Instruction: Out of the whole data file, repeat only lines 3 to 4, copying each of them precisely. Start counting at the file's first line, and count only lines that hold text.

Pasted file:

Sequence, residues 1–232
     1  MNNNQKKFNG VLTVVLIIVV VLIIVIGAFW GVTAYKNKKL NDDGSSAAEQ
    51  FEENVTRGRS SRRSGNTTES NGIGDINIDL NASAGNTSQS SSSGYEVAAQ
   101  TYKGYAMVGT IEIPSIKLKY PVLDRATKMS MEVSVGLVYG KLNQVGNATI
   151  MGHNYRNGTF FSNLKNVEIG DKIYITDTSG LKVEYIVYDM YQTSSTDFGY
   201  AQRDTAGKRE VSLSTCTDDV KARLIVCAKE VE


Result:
    51  FEENVTRGRS SRRSGNTTES NGIGDINIDL NASAGNTSQS SSSGYEVAAQ
   101  TYKGYAMVGT IEIPSIKLKY PVLDRATKMS MEVSVGLVYG KLNQVGNATI